At first sight, these nematodes all look the same. Nevertheless, they each belong to a different species. Such cryptic species- species that morphologically look the same but show genetic divergence- are more different than we first might think. Previous research already showed that they have different environmental preferences and competitive abilities. In our paper, “Active dispersal is differentially affected by inter- and intraspecific competition in closely related nematode species”, we show that differences in active dispersal behavior occur: in addition to differences in time until first dispersal, the triggers for dispersal also differ between the species. One of the species is most triggered by interspecific competition, two others by competition with conspecifics, and the fourth one is a time-dependent disperser, with fast dispersal regardless of inter- or intraspecific interactions.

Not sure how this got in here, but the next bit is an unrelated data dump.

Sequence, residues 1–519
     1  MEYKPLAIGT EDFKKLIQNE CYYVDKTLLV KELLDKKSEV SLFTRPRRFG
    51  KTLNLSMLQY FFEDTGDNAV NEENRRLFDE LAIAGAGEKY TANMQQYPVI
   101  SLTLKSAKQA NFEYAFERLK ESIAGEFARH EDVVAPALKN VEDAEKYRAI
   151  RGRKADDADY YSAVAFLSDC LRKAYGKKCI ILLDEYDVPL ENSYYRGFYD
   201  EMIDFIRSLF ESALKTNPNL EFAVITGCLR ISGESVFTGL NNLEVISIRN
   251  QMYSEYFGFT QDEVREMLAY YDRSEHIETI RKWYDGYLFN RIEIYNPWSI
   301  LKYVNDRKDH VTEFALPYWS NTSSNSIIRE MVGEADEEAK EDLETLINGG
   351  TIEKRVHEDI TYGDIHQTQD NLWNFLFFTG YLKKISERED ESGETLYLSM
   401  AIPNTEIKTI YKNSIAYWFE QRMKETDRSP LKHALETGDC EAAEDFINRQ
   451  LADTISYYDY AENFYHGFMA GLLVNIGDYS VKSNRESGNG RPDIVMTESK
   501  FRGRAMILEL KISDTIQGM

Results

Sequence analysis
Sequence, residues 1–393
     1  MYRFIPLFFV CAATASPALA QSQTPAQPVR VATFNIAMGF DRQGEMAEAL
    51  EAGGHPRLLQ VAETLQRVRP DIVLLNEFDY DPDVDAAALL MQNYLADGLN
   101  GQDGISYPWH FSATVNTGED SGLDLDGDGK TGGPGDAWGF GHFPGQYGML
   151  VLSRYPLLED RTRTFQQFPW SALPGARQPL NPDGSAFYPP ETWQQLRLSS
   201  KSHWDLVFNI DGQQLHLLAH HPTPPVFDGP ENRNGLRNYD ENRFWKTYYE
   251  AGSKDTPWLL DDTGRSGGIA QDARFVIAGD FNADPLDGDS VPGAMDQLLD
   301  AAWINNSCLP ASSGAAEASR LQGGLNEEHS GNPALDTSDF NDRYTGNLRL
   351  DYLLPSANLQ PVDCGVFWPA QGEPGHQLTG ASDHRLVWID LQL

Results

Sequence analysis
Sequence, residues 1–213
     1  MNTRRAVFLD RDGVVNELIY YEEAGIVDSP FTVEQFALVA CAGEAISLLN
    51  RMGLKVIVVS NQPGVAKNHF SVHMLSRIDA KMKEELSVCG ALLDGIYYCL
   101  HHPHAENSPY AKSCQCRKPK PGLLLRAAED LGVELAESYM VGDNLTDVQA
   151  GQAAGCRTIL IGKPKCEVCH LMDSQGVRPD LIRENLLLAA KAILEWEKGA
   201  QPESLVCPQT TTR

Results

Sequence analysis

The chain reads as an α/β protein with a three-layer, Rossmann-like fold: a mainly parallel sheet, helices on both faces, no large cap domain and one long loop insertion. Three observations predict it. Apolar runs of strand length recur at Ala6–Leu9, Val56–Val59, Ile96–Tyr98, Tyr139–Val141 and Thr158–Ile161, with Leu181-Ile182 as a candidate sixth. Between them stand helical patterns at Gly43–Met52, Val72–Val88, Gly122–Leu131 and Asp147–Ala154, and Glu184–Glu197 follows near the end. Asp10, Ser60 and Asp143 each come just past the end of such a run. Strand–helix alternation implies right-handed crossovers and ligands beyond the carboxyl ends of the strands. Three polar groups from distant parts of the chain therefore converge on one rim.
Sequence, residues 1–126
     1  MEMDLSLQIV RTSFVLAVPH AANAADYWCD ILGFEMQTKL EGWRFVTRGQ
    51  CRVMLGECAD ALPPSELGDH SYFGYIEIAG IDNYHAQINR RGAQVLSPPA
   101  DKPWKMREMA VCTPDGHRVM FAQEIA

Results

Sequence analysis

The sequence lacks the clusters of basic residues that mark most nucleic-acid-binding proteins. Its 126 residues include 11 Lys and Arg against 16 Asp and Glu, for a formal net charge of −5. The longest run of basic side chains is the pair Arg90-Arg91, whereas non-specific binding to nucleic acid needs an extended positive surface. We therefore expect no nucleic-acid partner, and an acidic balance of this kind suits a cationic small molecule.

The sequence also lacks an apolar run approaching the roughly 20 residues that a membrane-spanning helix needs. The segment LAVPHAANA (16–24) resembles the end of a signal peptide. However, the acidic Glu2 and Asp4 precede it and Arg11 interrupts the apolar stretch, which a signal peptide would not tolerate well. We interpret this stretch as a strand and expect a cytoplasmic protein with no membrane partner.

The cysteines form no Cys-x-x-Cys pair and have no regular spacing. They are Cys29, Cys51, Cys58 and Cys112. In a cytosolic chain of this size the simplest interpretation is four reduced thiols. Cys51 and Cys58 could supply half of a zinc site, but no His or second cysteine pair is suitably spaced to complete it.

These differences in dispersal behavior may be important to explain the coexistence of these species. According to Darwin’s classical competition theory, we can expect that very similar species will not co-occur because competition will be too high. Differences in dispersal behavior may lead to postponed or avoided competition, rendering temporal coexistence possible in a patchy habitat.
The authors through Nele de Meester